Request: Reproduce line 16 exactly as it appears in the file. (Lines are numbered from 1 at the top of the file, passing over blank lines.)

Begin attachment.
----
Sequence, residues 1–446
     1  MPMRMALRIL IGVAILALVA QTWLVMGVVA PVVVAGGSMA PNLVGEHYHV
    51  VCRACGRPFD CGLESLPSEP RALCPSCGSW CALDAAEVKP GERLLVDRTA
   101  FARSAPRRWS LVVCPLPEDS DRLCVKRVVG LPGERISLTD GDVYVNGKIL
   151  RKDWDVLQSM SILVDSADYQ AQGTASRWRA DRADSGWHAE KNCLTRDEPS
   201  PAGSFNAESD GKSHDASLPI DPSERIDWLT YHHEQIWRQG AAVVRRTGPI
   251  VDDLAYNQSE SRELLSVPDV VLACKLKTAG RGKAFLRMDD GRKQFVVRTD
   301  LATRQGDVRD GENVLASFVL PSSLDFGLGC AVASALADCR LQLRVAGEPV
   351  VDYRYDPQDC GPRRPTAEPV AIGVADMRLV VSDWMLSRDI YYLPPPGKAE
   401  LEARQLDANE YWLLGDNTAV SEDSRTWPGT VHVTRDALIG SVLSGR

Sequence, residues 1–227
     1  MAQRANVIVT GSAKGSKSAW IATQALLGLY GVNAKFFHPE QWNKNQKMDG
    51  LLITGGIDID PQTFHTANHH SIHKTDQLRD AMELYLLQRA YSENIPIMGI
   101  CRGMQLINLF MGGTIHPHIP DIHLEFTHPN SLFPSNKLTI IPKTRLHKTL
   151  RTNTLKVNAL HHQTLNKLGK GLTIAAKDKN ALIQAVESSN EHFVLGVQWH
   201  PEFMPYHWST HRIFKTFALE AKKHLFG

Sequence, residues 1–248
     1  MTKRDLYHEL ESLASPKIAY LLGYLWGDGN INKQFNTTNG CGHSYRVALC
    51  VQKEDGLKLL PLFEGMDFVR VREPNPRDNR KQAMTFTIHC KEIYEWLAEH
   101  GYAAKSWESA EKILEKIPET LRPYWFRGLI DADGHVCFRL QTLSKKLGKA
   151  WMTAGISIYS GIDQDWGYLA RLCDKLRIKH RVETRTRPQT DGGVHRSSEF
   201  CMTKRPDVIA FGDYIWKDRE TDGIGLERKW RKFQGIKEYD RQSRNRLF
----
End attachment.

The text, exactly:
   201  PEFMPYHWST HRIFKTFALE AKKHLFG